Ethics Or Fear
An ethic is a belief system founded in right and wrong, whether concerning conduct or mindset. Colloquially it is based in the heart, a nurturing soil of sentiment, reason, and spirit. Morality can be willfully broken or blind, in which case it ceases to be ethical. On the other hand, critical thinking can merge with passion and, importantly, honesty, to comprehend life with agape and awe. Einstein spoke to this confluence of intrapsychic forces when he wrote, "The most beautiful thing we can experience is the mysterious. It is the source of all true art and science."
In the 2016 election, over two million more voters chose Clinton over Trump. In effect, they were voting for equality, a concept rationally and fervent argued by the Founders. Across the globe, there are countless noble movements, exemplified by #MeToo and the quest for LGBT rights. Gay sex was recently decriminalized in the second most populous country in the world, India. Massive social protests based on benevolent philosophies are major players today. Considering just the last hundred years, civilization has been rocked by enlightened ideals, a keystone being women's suffrage, achieved in the US in 1920.
Central to this ethical ferment is a profound and widespread sense of empathy. Indeed, caring and cooperation are common across the animal kingdom, having a strong basis in natural selection. In humans, empathy often combines with a spiritual element, accessed through religion, meditation, or simply awakening to the majesty of nature. These kinds of feelings and attitudes are common across all cultures. Combined with principles enacted in government, they establish reasonable norms based on dignity, respect, and good stewardship of the planet Earth.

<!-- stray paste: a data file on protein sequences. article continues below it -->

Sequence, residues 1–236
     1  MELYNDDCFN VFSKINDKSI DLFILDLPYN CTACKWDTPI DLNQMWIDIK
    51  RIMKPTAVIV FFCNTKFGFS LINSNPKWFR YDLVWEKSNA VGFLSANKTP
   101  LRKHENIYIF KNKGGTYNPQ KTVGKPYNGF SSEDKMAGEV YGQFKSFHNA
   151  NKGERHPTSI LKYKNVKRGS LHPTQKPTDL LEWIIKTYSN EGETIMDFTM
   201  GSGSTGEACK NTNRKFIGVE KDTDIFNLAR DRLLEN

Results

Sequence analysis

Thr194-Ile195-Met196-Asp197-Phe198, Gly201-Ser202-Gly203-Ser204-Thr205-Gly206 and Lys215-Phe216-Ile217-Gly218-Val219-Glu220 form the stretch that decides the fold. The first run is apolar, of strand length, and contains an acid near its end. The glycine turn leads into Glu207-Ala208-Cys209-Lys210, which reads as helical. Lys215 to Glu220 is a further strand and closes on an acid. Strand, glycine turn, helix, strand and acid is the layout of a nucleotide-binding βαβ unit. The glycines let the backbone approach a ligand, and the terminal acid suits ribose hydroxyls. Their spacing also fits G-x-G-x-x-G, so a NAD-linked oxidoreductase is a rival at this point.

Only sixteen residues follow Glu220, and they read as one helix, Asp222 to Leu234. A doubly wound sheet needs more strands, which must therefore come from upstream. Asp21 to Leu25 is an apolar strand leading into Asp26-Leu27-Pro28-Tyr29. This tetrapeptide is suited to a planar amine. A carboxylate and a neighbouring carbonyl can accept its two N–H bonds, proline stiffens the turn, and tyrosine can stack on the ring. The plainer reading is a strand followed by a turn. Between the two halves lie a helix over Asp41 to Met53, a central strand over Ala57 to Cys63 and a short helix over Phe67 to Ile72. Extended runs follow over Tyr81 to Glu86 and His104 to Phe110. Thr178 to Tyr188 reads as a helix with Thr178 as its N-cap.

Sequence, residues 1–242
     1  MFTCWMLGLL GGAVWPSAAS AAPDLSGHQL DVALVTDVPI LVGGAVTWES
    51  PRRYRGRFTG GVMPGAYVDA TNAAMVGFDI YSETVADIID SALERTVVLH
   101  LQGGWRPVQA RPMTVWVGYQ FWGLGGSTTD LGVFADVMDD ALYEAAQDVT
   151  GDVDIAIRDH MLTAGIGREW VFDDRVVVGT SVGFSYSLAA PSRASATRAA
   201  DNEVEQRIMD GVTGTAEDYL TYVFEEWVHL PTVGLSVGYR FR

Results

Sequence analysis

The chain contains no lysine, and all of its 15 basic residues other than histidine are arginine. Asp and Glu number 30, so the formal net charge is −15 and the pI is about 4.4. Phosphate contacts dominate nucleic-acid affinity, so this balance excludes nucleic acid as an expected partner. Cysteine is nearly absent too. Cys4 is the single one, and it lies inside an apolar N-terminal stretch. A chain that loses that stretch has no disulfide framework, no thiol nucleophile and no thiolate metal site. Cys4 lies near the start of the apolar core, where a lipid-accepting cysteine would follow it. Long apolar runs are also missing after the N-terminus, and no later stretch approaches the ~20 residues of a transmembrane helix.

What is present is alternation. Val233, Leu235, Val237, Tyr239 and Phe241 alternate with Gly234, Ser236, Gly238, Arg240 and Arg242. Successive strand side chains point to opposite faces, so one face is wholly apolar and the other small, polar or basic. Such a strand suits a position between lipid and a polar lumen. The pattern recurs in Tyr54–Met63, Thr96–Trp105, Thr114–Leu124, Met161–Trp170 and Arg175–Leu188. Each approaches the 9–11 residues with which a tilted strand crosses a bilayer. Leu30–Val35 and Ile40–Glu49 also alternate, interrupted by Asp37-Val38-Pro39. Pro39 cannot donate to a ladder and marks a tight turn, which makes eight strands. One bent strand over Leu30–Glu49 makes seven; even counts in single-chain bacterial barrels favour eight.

However, there is another way to govern, one that plays off fear. When President Trump spoke in his inaugural speech of ending "American carnage," he framed reality as a brutal competition to survive. An arena where you win at all costs. Sometimes the end does justify the means. All wars are based on this argument. Whether this is an ethical argument or not, however, depends on clear-headed appraisal, not reckless and unthinking panic.
To win, on Trump's view, is not to do something ethical. It is to seize material success. The Republican Party has channeled this idea into the rhetoric of 'jobs, jobs, jobs.' To have a job is to win. But no distinction is made between a fulfilling job and a soul-numbing one. No thought is given to environmental consequences. Health benefits. Or the increasing deficit. No quarter is yielded to the fate of future generations. And no vigilance is maintained over the moral compass of the country.
Ethical governance opens the mind. Fear closes it. The cost of wearing such stressful blinders is not only psychological, not only impairs reason; it also has the practical effect of undercutting our ability to operate in a complex, rapidly changing world. As ice sheets melt, as mass extinction continues, as Texas-sized garbage patches form in the oceans, as catastrophic fires and storms punish our failure to adapt to the insights of science, our mendacious President fixates on an irrational threat to a mythologized white culture. Nothing good will come of it.